It’s been ages since I’ve posted a playlist, so I thought I’d change the format slightly. Background: I write about music a lot for various publications, but as a music journalist I also receive hundreds of promo type emails every week and, when something looks interesting I download it and save the release in a folder marked with the month, to be properly checked out later (sometimes much later). So I thought ‘going forward’ (I hate that phrase, what did people used to say?) that at the end of each month I’d go over the items of interest and see if they really were interesting, and write a little bit about them.
Now is as good a time as any to start, but to get it rolling I thought I might as well do a look back over the summer, which I think I did years ago on my old website. Anyway, let’s get on with it.
Going right back to the beginning of June, an album I really liked and have kept listening to is…
C Joynes & The Furlong Bray – The Borametz Tree
This vinyl-only release is the brainchild of acclaimed folk guitarist C Joynes, aided and abetted by a starry ensemble consisting of the Dead Rat Orchestra, plus fellow experimental guitarist/multi-instrumentalists Nick Jonah Davis and Cam Deas. The Borametz Tree takes its name from the fabled “Vegetable Lamb of Tartary”, a tree supposed to produce sheep as its fruit (also the title of one of the album’s best songs) and it’s a suitably exotic and otherworldly collection of tunes. Otherworldly is perhaps misleading; in fact the multi-textured music here is very much of this earth, often many different corners of it at once. The album opens with the richly reverberating “Triennale” which sets the scene with its atmospheric, droning combination of elements from different western, eastern and African folk music traditions; but which all gel beautifully to make a familiar yet alien whole. It’s incredibly elusive; the aforementioned “Vegetable Lamb…” begins sounding perhaps Scandinavian or even Scottish, but strangely could equally be Arabic; and this kind of melange characterises the whole album, somehow encompassing everything from bluegrass to the music of the steppes. Mysterious, wild and invigorating.
Also in June (actually 31st May)…
Cellista – Transfigurations
Transfigurations is interesting, an album distilled from a multifaceted performance art project, it’s part experimental (but relatively orthodox) songs, albeit with the cello as the central instrument, part sound-collage, part social commentary, part spoken word performance. The album kicks off with ‘Rupture 1’ (the album is punctuated by five politically-charged Ruptures) featuring an excerpt from an old news report about the Black Panthers in the May Day protests of 1969, beginning a theme of civil unrest that runs through the whole album. At various times it reminded me of the mini-album Jarboe and Helen Money made together a few years ago; kind of an obvious comparison, but to me this was more satisfying. Although less indomitable than Jarboe’s, Cellista’s vocals are more melodic and the songs (or at least the handful of more conventional ones like ‘Confessions‘ and standout, ‘Look Homeward, Angel’ featuring Dem One) are straightforwardly affecting. The actual cello playing reminded me less of Helen Money than of the fantastic Julia Kent; atmospheric and (that word again) mysterious. The album is, deliberately, very timely (Cellista explained while promoting the work that “Transfigurations is a response to the world we inhabit. It is meant to allow us all, singularly and as a community, to see the ruptures that punctuate our place in the present”), but the framing of our time (specifically 2017 in fact) as a time when always-present tensions have risen to the surface reinforce the idea that the issues of our time are the issues of all time. It’s a good album.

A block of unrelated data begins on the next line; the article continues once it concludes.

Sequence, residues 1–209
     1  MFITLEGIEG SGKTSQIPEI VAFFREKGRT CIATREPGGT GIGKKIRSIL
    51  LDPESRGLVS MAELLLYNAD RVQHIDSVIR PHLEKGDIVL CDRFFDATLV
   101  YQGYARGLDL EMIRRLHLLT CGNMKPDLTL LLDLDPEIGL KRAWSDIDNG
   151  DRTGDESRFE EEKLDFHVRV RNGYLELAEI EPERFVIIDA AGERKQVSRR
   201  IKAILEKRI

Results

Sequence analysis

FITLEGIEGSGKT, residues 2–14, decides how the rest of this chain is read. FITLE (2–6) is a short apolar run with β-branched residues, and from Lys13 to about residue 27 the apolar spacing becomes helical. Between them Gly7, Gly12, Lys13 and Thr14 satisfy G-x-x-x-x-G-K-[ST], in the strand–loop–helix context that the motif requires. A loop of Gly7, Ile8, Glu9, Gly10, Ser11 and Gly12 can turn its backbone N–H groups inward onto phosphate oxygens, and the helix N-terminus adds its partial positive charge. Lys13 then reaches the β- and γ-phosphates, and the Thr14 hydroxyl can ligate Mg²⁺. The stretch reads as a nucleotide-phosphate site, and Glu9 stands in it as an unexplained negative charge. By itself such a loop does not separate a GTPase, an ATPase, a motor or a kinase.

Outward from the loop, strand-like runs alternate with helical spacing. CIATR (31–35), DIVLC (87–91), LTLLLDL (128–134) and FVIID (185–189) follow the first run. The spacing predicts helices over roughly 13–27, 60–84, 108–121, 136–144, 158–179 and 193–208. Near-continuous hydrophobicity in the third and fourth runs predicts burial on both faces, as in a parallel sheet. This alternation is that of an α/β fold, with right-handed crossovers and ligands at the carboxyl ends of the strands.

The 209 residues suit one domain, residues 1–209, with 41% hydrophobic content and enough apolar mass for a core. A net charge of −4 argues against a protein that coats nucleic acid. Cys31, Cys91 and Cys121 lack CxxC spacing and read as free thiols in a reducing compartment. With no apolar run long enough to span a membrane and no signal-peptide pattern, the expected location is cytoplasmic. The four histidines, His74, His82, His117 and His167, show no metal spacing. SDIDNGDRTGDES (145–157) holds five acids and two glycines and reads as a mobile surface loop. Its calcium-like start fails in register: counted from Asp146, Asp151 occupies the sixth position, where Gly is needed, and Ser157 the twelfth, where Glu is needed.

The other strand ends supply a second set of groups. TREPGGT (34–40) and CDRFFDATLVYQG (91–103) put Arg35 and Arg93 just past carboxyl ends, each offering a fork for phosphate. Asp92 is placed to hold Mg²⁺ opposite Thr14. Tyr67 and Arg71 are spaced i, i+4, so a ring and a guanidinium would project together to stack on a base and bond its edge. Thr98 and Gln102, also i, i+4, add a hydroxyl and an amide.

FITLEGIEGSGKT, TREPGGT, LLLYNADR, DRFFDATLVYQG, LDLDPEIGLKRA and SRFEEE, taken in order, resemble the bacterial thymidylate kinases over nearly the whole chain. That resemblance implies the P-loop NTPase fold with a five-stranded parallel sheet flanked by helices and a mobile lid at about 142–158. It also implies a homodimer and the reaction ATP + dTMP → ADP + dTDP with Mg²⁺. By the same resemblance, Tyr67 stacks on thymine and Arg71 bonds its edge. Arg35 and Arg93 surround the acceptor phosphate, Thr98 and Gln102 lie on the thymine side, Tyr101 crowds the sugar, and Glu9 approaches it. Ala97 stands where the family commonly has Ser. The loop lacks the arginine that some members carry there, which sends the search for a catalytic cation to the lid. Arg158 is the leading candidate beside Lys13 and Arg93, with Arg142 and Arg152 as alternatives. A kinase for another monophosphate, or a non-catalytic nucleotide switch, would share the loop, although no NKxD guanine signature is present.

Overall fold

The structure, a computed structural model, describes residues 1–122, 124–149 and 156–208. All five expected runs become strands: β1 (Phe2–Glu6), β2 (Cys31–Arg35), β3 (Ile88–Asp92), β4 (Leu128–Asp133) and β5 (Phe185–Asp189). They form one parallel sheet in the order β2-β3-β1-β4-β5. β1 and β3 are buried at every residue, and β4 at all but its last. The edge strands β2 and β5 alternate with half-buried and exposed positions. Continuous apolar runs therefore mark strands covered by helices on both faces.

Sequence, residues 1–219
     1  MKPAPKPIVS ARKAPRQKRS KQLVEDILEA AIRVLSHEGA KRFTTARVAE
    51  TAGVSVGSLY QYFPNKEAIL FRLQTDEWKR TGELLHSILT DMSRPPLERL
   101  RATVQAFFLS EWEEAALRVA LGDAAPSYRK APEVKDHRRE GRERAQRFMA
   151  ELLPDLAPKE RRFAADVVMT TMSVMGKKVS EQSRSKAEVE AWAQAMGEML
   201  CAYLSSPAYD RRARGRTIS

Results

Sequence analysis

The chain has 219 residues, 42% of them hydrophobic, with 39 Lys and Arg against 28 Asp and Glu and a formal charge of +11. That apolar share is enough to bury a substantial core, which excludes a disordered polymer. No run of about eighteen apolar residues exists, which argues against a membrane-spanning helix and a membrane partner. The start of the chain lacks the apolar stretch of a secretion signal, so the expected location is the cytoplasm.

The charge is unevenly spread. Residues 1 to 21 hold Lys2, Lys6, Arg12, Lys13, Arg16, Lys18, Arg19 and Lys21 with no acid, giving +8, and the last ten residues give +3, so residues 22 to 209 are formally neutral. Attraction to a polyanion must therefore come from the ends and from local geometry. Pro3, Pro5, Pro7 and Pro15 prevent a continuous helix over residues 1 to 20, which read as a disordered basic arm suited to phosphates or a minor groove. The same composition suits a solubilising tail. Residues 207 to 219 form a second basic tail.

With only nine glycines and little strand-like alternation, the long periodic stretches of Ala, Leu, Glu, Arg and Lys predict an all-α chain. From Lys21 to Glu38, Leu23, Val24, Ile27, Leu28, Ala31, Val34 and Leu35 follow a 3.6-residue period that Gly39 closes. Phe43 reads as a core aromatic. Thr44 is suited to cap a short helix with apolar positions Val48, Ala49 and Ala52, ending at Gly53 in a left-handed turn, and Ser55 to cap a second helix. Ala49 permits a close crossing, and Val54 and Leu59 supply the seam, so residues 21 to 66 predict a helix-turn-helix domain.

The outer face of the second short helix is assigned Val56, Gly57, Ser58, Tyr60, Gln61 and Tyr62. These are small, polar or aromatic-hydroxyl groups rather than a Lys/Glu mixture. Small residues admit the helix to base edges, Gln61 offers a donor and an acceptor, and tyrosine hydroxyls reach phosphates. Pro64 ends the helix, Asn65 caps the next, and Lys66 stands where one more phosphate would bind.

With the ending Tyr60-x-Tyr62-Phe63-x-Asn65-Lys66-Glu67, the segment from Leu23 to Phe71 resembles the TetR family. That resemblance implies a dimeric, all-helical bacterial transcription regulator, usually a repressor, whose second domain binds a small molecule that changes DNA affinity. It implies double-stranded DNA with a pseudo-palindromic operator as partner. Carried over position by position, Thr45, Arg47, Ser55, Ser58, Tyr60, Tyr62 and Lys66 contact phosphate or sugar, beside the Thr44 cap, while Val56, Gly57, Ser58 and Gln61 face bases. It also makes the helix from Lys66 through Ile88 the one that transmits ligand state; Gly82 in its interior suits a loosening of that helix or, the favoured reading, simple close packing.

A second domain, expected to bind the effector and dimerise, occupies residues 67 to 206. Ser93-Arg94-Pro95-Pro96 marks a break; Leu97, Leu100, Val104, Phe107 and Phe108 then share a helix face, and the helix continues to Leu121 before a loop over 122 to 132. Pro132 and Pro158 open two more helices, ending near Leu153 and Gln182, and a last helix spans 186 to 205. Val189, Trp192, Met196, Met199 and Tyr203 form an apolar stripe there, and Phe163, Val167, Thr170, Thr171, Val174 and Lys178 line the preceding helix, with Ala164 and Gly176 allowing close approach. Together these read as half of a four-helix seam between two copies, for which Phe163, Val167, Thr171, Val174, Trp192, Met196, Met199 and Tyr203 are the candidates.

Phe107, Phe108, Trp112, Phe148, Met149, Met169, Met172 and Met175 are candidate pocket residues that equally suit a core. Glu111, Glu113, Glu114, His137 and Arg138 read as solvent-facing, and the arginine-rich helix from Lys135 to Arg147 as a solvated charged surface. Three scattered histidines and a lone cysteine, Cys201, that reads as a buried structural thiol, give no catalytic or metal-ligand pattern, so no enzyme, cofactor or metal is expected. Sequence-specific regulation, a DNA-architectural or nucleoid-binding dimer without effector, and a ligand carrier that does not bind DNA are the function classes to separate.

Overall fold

Elsewhere in June, I quite liked…
Wasuremono – Are You OK?
The Wilderness Records
Quite liked it in small doses, at least. It’s very nice and all, but taken as a whole its slightly twee and fragile retro, sometimes synth-pop indie style made me think of Philip Larkin on The Beatles; “like certain sweets, they seem wonderful until you are suddenly sick. Up till then it’s nice, though.” Philip Larkin, All What Jazz, Faber & Faber, 1970, p. 102
Speaking of retro (and what would pop culture in 2019 be without the ghosts of the 80s and 90s hanging over it?) I quite liked K. Michelle DuBois’ “summer single” ‘Waves Break’ which sounds weirdly like Jan Hammer producing The Cure c. Japanese Whispers but with the Bangles doing the vocals. I seem to quite like K Michelle DuBois against my will; I checked out her album Harness last year, decided it sounded like the kind of music you get on Buffy style teen soaps, ie not my cup of tea, but then ended up listening to it quite a lot anyway. Not at all sure about this video though.
One of the problems with promos is they are sometimes sent out so far in advance, for understandable reasons, that you tend to listen to and then forget about them before the release date is even near. The example that led to this observation is the unpleasant but extremely powerful new album by Margaret Chardiet’s industrial project, Pharmakon. The promo has been with me since June, the album itself (Devour) is out on August 30th via the reliably great Sacred Bones Records. I’m not sure I’d say I ‘like’ Devour, but it’s a hypnotically ugly record, paradoxically chaotic and controlled, emotional and yet kind of blank and icy. More tuneful than I had expected though; if you don’t like the single ‘Self-Regulating System’ then you probably won’t like any of it.
end of part one!